You probably wouldn’t believe I saw a shirt yesterday here in Creede, CO that said, “Life’s too short to live in Dallas,” unless I posted the photo to go along with it, so here goes. Maybe it’s just a funny shirt, but the message has so much added meaning to me. The past 36 hours in Creede really have changed my perspectives on a lot of things in life.
Our plan this morning was to head back toward Dallas. But God had another plan. Last night a fuse blew in my car. It took half the morning to find it, and by the time we found it, well, it just made sense to stay another day in Creede. After all, what’s the rush in getting back to 96 degree temps when I can hang out in 70 degree weather?
This weekend has really become a lesson in learning patience, learning to be disconnected, and learning to leave so much of the past in the past.
There have been attempts to draw me back into the goings on in Dallas this weekend, and there have been my own efforts to remain involved. But with each second away, those feelings, notions or what have you are fading. There’s too much here in the middle of what I first felt was little.
My New Friends in Creede
I’ve met some great new friends here in Creede. The foreign exchange students working here in The Old Firehouse Restaurant have been cool to get to know. Marsha is from Mongolia. That’s not really her name, but the way it’s pronounced, that’s the closest I can get to saying it.
Vera is 22 and from Russia. She and Marsha both speak great English as well as their native tongues. Vera smiles all the time. Today she’s decked out in a black The Old Firehouse Restaurant shirt and a scarf. Desiree is the half-sister of TOFR owner, Charles, and his wife, Brenda. Brenda makes soaps and candles. Desiree always wears a happy smile. She is a Christian at heart and is the only person I’ve seen the whole trip who has prayed before eating a meal. (And she didn’t know anyone was watching.)
Saturday I also met Carly from Indiana who is working at the 4UR Ranch. Carly does housekeeping this year but was a youth counselor at the ranch last year. She’s tall, has the prettiest smile and the whitest teeth I’ve ever seen on someone who hasn’t been Photoshopped. Carly likes the lifestyle that Creede offers. She has a degree in Marketing, which she said she left for a while and to do a “real job,” but her calling was to come back and be here.
Then there’s Cat/Kat who works over at the Tommy Knocker. She and I met the other night when she’d biked up to the front of The Old Firehouse Restaurant to try to piggyback off their WiFi after the restaurant had closed. At the time, I was trying to do the same thing.
Last night Mom, my uncle Johnny and his girlfriend, Jane, and I went to Steve and Marta Quiller’s on our way to dinner at the home of Cathy and Richie. They’re the former owners of The Creede Hotel and out aways, they’ve built an adobe style home and it’s just breathtaking.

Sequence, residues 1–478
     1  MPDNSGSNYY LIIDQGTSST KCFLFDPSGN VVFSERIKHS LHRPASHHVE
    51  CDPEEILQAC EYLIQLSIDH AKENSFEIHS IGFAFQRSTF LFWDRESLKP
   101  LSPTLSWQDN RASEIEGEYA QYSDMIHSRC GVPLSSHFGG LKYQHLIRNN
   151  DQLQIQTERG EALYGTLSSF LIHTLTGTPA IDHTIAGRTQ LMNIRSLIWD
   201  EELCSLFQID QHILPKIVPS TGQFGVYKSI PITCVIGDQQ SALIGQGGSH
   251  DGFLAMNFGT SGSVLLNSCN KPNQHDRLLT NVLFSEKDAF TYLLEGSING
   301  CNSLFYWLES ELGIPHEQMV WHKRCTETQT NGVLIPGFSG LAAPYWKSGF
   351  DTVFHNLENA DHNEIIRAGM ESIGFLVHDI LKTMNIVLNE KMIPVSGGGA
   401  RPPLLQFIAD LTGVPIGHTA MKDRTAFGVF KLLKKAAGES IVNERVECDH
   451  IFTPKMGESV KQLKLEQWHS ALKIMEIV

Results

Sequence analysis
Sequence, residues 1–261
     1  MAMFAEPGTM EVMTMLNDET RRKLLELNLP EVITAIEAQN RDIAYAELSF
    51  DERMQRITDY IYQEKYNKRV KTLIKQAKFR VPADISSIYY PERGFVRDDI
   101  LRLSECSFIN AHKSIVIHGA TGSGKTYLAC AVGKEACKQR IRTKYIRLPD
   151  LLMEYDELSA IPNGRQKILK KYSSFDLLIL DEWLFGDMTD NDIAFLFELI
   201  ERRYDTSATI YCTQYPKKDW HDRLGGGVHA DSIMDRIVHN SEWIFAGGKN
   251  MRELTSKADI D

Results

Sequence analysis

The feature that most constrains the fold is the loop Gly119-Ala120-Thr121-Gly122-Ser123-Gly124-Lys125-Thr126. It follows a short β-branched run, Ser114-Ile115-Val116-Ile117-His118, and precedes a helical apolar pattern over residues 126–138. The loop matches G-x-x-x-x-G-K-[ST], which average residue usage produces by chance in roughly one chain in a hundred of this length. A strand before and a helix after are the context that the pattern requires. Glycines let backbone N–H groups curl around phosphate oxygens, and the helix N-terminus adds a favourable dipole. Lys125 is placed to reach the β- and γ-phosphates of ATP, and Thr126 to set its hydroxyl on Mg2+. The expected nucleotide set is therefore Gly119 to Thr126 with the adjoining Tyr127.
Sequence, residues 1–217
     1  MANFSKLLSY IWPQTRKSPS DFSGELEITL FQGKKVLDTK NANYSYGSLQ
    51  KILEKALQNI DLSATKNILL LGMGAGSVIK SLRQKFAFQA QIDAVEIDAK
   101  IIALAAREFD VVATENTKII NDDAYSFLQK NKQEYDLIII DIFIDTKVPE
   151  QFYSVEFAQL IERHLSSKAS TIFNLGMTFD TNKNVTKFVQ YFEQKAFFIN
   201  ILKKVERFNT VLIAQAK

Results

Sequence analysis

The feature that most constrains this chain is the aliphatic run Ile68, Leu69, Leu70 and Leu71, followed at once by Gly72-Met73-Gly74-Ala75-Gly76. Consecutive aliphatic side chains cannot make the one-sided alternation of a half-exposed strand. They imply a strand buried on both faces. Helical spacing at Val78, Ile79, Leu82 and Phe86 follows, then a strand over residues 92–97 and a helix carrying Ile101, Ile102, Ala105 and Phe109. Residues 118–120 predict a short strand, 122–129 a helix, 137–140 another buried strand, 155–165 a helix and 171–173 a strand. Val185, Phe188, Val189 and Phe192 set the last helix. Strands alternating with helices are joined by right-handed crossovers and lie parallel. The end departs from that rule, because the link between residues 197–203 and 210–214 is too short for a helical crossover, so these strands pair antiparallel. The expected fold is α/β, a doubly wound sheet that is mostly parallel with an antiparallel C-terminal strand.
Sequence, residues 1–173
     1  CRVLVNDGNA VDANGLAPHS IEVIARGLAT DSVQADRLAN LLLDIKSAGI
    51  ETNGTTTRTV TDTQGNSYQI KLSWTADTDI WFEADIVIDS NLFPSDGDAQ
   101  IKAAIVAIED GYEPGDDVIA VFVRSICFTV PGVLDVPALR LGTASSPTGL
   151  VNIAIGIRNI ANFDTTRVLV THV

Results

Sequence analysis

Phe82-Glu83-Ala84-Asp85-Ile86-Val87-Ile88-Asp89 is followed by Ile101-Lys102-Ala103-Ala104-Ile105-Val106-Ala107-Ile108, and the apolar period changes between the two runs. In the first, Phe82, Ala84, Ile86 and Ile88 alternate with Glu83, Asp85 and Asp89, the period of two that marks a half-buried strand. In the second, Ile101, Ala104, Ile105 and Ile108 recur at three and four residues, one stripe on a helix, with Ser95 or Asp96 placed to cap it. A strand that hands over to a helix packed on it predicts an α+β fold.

At their house was a former friend of my grandpa’s, artist Larry Basky. I got to meet Lana Woodruff and her husband. Lana is an artist, he used to own car dealerships in this area of Colorado. I got to hear some great stories about life in these parts. The stories were funny, full of color and fascinating to hear.
And then today when the car wouldn’t start, I got to meet two deputies from the local sheriff’s office, David and Fred. I learned bonus material about things that happened here in town last night. The big party in town last night was the band at Tommy Knocker. (David left me a business card after helping with my car earlier today. It said if we run into trouble between here and Altamosa, CO, to call him.)
The Old Miner’s Inn, run by my new friends Ed and Trisha, had another very good band, and they have great pizza. Today I had ribs at Tommy Knocker and they were fantastic. Now, what to do for dinner tonight? UPDATE: I had a calzone at OMI served by my friend Juliet, who has been here in Creede for three days now from AZ. Juliet is another like Carly, who dares to defy the traditional work role and grabs adventure by the horns and wills it to go her own way. (If you go to Old Miner’s Inn this summer, be sure to ask for Juliet, you’ll be glad you did.)
I’m sure I’m falling into the trap of having started naming names, I’m leaving some important ones off. But when you get down to it, the people here in Creede wouldn’t mind.
You pass someone on the street here and they do something that people in most places of the world won’t; they look you in the eye and say “Hi.” And then they follow it up with, “I’m….”
Try to find that in Dallas. Vera says it really doesn’t happen in her home town in Russia. And so it goes.
Am I in a rush to get back to Dallas? Life’s too short to be in such a hurry. Oh, and remember the full moon last night? Yes, at 12:30 a.m. on a tripod on Main Street in the mountains with a 200 mm lens and a fast shutter speed and small aperture. You can’t do this in Dallas on any night.